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Genetic Differentiation and Heterozygosity in Pinyon Pine Associated with Resistance to Herbivory and Environmental Stress
Susan Mopper, Jeffry B. Mitton, Thomas G. Whitham, Neil S. Cobb and Kerry M. Christensen
Vol. 45, No. 4 (Jun., 1991), pp. 989-999
Published by: Society for the Study of Evolution
Stable URL: http://www.jstor.org/stable/2409704
Page Count: 11
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Arizona's Sunset Crater began erupting in 1064 AD and for the next 200 years buried over 2,000 km2 in ash, cinders, and lava. Soil analyses indicate that pinyon pines (Pinus edulis) currently colonizing the cinder fields are faced with a highly stressful environment. Many of these pinyons suffer chronic, intense insect herbivory that reduces plant growth and eliminates female cone production. In contrast, herbivory among pinyons growing in neighboring sandy-loam soils is minimal. Furthermore, numerous trees within the heavily infested cinder field population suffer relatively low herbivory and maintain normal growth and reproduction. We used four polymorphic enzymes to examine the relationship between herbivore attack, environmental stress and genotypes of the adjacent cinder field, and sandy-loam soil pinyon populations. Our results demonstrate that 1) resistant trees display significant genetic differences and are more heterozygous for two enzymes associated with herbivory than susceptible trees; and 2) the cinder-soil pinyons exhibit significant genetic differences and are more heterozygous for an enzyme associated with environmental stress than the neighboring sandy-loam soil pinyons. We conclude that heterozygosity of specific or closely linked loci may facilitate pinyon resistance to herbivory and environmental stress, and that strong selection across narrow geographic boundaries resulted in rapid genetic differentiation of pinyon populations.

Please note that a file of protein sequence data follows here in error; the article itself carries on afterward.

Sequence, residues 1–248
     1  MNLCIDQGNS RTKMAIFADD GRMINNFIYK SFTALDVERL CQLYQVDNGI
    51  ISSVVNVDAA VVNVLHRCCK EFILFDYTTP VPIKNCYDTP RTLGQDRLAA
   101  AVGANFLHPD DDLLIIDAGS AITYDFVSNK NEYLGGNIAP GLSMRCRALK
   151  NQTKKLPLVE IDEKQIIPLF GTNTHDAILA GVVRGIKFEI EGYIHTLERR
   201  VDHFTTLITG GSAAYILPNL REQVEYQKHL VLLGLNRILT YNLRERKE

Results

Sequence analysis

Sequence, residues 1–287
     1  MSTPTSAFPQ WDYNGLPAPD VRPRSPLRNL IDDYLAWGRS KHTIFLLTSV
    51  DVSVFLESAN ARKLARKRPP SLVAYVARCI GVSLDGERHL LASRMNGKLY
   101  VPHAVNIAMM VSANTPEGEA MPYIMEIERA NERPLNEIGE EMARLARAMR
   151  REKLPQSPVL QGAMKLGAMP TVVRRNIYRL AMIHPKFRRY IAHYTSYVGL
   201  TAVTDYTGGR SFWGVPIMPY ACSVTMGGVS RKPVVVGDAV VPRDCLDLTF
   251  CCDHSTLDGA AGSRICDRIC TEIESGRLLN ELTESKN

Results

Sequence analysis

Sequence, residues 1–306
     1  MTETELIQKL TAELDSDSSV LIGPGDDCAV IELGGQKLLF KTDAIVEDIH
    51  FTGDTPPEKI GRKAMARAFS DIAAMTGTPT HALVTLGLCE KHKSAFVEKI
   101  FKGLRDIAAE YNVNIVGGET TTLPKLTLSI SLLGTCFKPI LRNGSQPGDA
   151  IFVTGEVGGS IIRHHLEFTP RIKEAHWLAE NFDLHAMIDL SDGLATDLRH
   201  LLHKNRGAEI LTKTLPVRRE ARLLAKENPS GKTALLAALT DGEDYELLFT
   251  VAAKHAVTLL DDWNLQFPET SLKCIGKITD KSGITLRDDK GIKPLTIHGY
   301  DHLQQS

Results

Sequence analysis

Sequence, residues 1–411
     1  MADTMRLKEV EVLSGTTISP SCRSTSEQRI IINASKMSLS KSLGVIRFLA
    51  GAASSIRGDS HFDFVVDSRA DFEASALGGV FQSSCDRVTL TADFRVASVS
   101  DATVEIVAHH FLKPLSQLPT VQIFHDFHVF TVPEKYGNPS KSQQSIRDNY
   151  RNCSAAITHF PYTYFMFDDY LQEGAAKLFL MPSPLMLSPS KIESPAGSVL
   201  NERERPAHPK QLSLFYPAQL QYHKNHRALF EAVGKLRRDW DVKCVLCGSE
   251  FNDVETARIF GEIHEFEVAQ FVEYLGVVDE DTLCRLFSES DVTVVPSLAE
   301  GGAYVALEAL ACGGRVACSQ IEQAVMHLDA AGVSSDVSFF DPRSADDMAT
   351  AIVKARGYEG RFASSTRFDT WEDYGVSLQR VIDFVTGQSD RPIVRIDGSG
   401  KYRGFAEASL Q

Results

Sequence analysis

Evolution © 1991 Society for the Study of Evolution